FAQ

  1. Whether illegitimate children (born out of wedlock) are entitled to claim maintenance from the Deceased’s estate?

The relevant provision in Inheritance (Family Provision) Act applies to legitimate children, which includes adopted children but does not included illegitimate children.

In AAG v Estate of AAH, deceased [2009] SGCA 56, the Court of Appeal discussed whether illegitimate children has a claim in deceased’s estate for maintenance. The factor the court took into account is that to allow  an illegitimate child to claim maintenance from the deceased’s estate is equivalent to allowing an illegitimate child to make a direct claim for a share in the deceased’s estate which is contrary to the Intestate Succession Act that only allows claim from legitimate children.

  1. What about step-children and whether they are entitled to claim from the deceased’s estate?

The court’s position on claims by step-children is similar to illegitimate children.

In Low Guang Hong David and others v Suryono Wino Goei [2012] SGHC 93, the HC respected Parliament’s intention in which there was no discussion of provision for step-children during their parliamentary debates or reports. HC reminded the importance of a will in the event a step-parent wishes for the step-child to get a share of his estate.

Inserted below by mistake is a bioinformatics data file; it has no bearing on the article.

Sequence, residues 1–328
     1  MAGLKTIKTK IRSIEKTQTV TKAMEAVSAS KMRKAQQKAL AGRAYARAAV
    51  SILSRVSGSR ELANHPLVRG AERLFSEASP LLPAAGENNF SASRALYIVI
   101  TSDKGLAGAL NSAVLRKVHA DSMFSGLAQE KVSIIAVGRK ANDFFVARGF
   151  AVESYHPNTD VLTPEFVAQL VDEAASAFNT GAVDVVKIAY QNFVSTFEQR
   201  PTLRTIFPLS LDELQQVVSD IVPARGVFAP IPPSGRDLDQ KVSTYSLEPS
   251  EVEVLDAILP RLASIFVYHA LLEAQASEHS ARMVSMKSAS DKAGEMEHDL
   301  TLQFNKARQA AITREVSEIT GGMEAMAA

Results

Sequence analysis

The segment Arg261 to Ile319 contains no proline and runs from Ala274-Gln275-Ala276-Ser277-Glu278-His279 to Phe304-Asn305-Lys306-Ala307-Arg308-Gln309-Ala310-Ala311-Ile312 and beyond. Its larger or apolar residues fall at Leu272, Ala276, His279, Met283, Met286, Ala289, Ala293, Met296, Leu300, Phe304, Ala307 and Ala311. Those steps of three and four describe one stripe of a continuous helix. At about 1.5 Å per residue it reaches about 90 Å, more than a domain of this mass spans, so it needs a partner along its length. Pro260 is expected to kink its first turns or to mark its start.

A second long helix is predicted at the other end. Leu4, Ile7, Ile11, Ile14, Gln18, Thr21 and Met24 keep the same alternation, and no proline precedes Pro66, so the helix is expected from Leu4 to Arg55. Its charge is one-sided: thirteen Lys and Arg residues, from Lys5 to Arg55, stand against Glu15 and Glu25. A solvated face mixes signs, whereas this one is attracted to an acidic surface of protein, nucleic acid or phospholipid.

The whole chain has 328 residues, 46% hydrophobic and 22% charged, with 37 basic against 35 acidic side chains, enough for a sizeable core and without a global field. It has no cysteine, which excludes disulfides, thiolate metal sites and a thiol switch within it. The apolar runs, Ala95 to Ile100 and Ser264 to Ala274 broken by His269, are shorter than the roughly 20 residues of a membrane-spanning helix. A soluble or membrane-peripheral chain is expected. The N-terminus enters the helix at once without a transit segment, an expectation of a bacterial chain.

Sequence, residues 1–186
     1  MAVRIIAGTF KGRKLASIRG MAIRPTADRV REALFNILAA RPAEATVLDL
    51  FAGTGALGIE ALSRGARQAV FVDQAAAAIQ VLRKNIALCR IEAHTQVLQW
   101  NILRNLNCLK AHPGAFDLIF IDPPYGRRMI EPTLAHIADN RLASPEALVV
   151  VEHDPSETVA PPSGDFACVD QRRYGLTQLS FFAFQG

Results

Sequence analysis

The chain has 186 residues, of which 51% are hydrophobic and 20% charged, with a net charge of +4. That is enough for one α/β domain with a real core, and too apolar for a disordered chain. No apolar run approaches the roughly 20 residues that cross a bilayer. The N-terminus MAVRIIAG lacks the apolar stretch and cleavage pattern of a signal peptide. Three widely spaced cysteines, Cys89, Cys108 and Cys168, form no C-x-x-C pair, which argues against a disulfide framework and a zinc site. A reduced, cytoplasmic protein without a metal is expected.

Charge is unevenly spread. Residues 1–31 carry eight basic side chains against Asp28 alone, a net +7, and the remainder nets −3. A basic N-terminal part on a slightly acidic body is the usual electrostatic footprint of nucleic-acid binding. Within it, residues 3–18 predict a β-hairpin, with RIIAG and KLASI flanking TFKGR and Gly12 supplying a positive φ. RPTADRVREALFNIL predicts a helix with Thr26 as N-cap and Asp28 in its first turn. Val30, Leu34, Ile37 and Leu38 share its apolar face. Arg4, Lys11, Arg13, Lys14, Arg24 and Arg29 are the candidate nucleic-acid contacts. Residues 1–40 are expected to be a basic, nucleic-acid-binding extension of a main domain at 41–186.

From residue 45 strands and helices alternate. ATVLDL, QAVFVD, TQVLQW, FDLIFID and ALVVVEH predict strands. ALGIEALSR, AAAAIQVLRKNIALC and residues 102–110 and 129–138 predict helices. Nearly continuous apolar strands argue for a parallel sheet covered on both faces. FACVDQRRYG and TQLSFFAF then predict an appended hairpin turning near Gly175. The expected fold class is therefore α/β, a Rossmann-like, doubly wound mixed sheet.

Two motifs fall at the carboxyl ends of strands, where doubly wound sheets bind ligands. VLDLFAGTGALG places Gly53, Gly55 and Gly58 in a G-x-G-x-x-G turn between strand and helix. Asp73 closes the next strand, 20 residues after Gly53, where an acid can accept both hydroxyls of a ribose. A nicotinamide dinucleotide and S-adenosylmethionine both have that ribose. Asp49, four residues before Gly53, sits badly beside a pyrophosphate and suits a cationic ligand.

1. Whether illegitimate children entitled to inherit under their mother’s estate?

Illegitimate children are entitled to inherit part or whole of their biological mother’s estate. However, they can do so only if the mother dies without a will and she has no legitimate children. This shows the existence of a priority in inheritance where the illegitimate children usually rank below the spouse of the deceased and their legitimate children.

In Lim Weipin and another v Lim Boh Chuan and others [2010] 3 SLR 423[2010] SGHC 99, the HC stressed the importance between biological child and legitimate child. Plaintiff in the case was the biological  daughter but an illegitimate child of the deceased. She was unable to provide sufficient evidence to show that she was legitimised in accordance with the law even though her parents were married to each other. As such, her claim failed.

  1. Whether adoption of an illegitimate child by an unwed biological mother legalises a child born out of marriage?

Adoption is the great equaliser and will treat the biological mother and child as lawful parents. Usually such adoption takes place after the Husband/Wife marries the spouse who is not the biological parent of the child so that the spouse becomes the legal parent of the child. Child must get new birth certificate with the adoptive parents’ name.